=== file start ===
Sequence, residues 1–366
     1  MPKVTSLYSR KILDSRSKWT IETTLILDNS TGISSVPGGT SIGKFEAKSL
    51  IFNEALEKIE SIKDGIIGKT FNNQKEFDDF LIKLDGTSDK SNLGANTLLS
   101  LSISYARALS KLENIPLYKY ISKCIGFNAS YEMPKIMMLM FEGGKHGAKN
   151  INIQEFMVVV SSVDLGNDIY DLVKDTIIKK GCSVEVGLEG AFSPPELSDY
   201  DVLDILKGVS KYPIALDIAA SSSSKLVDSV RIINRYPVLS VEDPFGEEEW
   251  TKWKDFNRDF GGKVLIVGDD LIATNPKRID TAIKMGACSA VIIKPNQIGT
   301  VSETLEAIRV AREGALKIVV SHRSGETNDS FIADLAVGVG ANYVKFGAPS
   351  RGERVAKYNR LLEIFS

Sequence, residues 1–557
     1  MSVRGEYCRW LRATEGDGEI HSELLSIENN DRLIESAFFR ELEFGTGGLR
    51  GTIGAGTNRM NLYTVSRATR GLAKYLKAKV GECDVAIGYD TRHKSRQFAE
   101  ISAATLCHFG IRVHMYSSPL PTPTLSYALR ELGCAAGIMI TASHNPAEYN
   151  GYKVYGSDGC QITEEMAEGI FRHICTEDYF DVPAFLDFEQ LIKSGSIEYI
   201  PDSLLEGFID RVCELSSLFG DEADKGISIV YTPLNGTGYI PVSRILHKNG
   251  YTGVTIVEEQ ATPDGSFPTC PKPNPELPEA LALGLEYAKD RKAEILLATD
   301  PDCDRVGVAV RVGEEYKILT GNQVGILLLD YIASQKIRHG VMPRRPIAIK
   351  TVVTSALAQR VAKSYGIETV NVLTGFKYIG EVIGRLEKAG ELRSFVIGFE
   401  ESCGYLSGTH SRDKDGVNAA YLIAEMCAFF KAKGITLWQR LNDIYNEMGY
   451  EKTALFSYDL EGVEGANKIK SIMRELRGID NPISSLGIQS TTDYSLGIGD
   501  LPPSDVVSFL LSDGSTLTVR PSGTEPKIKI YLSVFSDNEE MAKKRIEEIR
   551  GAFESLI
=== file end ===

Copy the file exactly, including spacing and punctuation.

Sequence, residues 1–366
     1  MPKVTSLYSR KILDSRSKWT IETTLILDNS TGISSVPGGT SIGKFEAKSL
    51  IFNEALEKIE SIKDGIIGKT FNNQKEFDDF LIKLDGTSDK SNLGANTLLS
   101  LSISYARALS KLENIPLYKY ISKCIGFNAS YEMPKIMMLM FEGGKHGAKN
   151  INIQEFMVVV SSVDLGNDIY DLVKDTIIKK GCSVEVGLEG AFSPPELSDY
   201  DVLDILKGVS KYPIALDIAA SSSSKLVDSV RIINRYPVLS VEDPFGEEEW
   251  TKWKDFNRDF GGKVLIVGDD LIATNPKRID TAIKMGACSA VIIKPNQIGT
   301  VSETLEAIRV AREGALKIVV SHRSGETNDS FIADLAVGVG ANYVKFGAPS
   351  RGERVAKYNR LLEIFS

Sequence, residues 1–557
     1  MSVRGEYCRW LRATEGDGEI HSELLSIENN DRLIESAFFR ELEFGTGGLR
    51  GTIGAGTNRM NLYTVSRATR GLAKYLKAKV GECDVAIGYD TRHKSRQFAE
   101  ISAATLCHFG IRVHMYSSPL PTPTLSYALR ELGCAAGIMI TASHNPAEYN
   151  GYKVYGSDGC QITEEMAEGI FRHICTEDYF DVPAFLDFEQ LIKSGSIEYI
   201  PDSLLEGFID RVCELSSLFG DEADKGISIV YTPLNGTGYI PVSRILHKNG
   251  YTGVTIVEEQ ATPDGSFPTC PKPNPELPEA LALGLEYAKD RKAEILLATD
   301  PDCDRVGVAV RVGEEYKILT GNQVGILLLD YIASQKIRHG VMPRRPIAIK
   351  TVVTSALAQR VAKSYGIETV NVLTGFKYIG EVIGRLEKAG ELRSFVIGFE
   401  ESCGYLSGTH SRDKDGVNAA YLIAEMCAFF KAKGITLWQR LNDIYNEMGY
   451  EKTALFSYDL EGVEGANKIK SIMRELRGID NPISSLGIQS TTDYSLGIGD
   501  LPPSDVVSFL LSDGSTLTVR PSGTEPKIKI YLSVFSDNEE MAKKRIEEIR
   551  GAFESLI